blind eye to a lack of transparency and to conflicts of interest.

When you look at the sheer volume of wealth controlled by the top 1
percent in this country, it’s tempting to see our growing inequality as
a quintessentially American achievement—we started way behind the pack,
but now we’re doing inequality on a world-class level. And it looks as
if we’ll be building on this achievement for years to come, because what
made it possible is self-reinforcing. Wealth begets power, which begets
more wealth. During the savings-and-loan scandal of the 1980s—a scandal
whose dimensions, by today’s standards, seem almost quaint—the banker
Charles Keating was asked by a congressional committee whether the $1.5
million he had spread among a few key elected officials could actually
buy influence. “I certainly hope so,” he replied. The Supreme Court, in
its recent Citizens United case, has enshrined the right of corporations
to buy government, by removing limitations on campaign spending. The
personal and the political are today in perfect alignment. Virtually all
U.S. senators, and most of the representatives in the House, are members
of the top 1 percent when they arrive, are kept in office by money from
the top 1 percent, and know that if they serve the top 1 percent well
they will be rewarded by the top 1 percent when they leave office. By
and large, the key executive-branch policymakers on trade and economic
policy also come from the top 1 percent. When pharmaceutical companies
receive a trillion-dollar gift—through legislation prohibiting the
government, the largest buyer of drugs, from bargaining over price—it
should not come as cause for wonder. It should not make jaws drop that a
tax bill cannot emerge from Congress unless big tax cuts are put in
place for the wealthy. Given the power of the top 1 percent, this is the
way you would expect the system to work.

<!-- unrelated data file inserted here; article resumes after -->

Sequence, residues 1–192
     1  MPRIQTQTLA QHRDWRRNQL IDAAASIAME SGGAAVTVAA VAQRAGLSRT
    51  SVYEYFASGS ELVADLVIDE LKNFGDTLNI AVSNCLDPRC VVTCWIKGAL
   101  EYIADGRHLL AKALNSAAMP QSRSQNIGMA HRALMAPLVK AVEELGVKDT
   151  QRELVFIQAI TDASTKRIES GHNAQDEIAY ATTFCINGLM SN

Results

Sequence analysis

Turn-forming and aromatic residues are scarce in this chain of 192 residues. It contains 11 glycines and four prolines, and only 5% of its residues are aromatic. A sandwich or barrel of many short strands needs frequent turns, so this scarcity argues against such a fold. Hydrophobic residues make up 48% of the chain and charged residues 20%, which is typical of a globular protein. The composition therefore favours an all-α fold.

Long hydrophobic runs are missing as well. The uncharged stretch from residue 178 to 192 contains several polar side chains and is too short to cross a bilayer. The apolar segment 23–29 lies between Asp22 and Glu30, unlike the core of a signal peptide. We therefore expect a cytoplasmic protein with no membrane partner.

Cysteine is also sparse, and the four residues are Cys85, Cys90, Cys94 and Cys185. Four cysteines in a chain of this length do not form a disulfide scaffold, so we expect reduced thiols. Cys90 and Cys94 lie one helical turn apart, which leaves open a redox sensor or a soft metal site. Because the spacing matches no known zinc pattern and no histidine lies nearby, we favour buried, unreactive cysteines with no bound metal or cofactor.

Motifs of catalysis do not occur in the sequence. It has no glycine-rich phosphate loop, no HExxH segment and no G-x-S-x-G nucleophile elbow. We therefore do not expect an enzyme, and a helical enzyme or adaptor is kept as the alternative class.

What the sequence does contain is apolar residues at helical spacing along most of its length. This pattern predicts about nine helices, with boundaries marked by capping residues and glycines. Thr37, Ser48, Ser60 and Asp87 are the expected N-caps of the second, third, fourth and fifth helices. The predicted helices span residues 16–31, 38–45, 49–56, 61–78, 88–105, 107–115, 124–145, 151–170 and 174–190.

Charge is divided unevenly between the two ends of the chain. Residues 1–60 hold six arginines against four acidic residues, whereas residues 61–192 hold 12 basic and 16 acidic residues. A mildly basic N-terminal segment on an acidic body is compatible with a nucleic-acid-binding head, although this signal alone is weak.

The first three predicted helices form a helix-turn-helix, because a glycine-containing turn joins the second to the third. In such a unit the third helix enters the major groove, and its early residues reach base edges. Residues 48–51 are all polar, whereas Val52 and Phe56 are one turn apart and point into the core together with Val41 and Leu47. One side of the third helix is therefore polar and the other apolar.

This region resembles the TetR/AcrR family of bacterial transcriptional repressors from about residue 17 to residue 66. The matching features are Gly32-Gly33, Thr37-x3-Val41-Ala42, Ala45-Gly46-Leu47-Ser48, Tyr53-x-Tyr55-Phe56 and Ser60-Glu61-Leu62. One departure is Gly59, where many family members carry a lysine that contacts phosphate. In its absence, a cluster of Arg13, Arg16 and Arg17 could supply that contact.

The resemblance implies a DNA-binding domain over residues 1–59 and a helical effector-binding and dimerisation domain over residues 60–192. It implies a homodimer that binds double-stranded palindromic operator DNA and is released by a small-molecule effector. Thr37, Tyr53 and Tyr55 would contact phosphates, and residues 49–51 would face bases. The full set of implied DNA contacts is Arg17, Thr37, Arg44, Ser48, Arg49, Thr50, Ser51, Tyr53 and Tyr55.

America’s inequality distorts our society in every conceivable way.
There is, for one thing, a well-documented lifestyle effect—people
outside the top 1 percent increasingly live beyond their means.
Trickle-down economics may be a chimera, but trickle-down behaviorism is
very real. Inequality massively distorts our foreign policy. The top 1
percent rarely serve in the military—the reality is that the
“all-volunteer” army does not pay enough to attract their sons and
daughters, and patriotism goes only so far. Plus, the wealthiest class
feels no pinch from higher taxes when the nation goes to war: borrowed
money will pay for all that. Foreign policy, by definition, is about the
balancing of national interests and national resources. With the top 1
percent in charge, and paying no price, the notion of balance and
restraint goes out the window. There is no limit to the adventures we
can undertake; corporations and contractors stand only to gain. The
rules of economic globalization are likewise designed to benefit the
rich: they encourage competition among countries for business, which
drives down taxes on corporations, weakens health and environmental
protections, and undermines what used to be viewed as the “core” labor
rights, which include the right to collective bargaining. Imagine what
the world might look like if the rules were designed instead to
encourage competition among countries for workers. Governments would
compete in providing economic security, low taxes on ordinary wage
earners, good education, and a clean environment—things workers care
about. But the top 1 percent don’t need to care.

Or, more accurately, they think they don’t. Of all the costs imposed on